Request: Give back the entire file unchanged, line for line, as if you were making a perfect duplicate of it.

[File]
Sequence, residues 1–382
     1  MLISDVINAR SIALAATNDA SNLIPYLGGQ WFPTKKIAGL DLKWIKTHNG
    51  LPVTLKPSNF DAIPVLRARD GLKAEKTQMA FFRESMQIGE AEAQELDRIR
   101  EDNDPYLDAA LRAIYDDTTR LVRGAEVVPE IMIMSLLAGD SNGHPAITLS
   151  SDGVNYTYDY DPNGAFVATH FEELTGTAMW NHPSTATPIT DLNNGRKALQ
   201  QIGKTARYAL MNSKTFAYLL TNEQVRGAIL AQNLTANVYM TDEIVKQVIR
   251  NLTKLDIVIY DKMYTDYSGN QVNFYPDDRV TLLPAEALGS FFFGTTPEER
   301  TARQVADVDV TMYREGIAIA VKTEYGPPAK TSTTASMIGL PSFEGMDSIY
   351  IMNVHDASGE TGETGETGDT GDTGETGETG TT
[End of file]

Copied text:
Sequence, residues 1–382
     1  MLISDVINAR SIALAATNDA SNLIPYLGGQ WFPTKKIAGL DLKWIKTHNG
    51  LPVTLKPSNF DAIPVLRARD GLKAEKTQMA FFRESMQIGE AEAQELDRIR
   101  EDNDPYLDAA LRAIYDDTTR LVRGAEVVPE IMIMSLLAGD SNGHPAITLS
   151  SDGVNYTYDY DPNGAFVATH FEELTGTAMW NHPSTATPIT DLNNGRKALQ
   201  QIGKTARYAL MNSKTFAYLL TNEQVRGAIL AQNLTANVYM TDEIVKQVIR
   251  NLTKLDIVIY DKMYTDYSGN QVNFYPDDRV TLLPAEALGS FFFGTTPEER
   301  TARQVADVDV TMYREGIAIA VKTEYGPPAK TSTTASMIGL PSFEGMDSIY
   351  IMNVHDASGE TGETGETGDT GDTGETGETG TT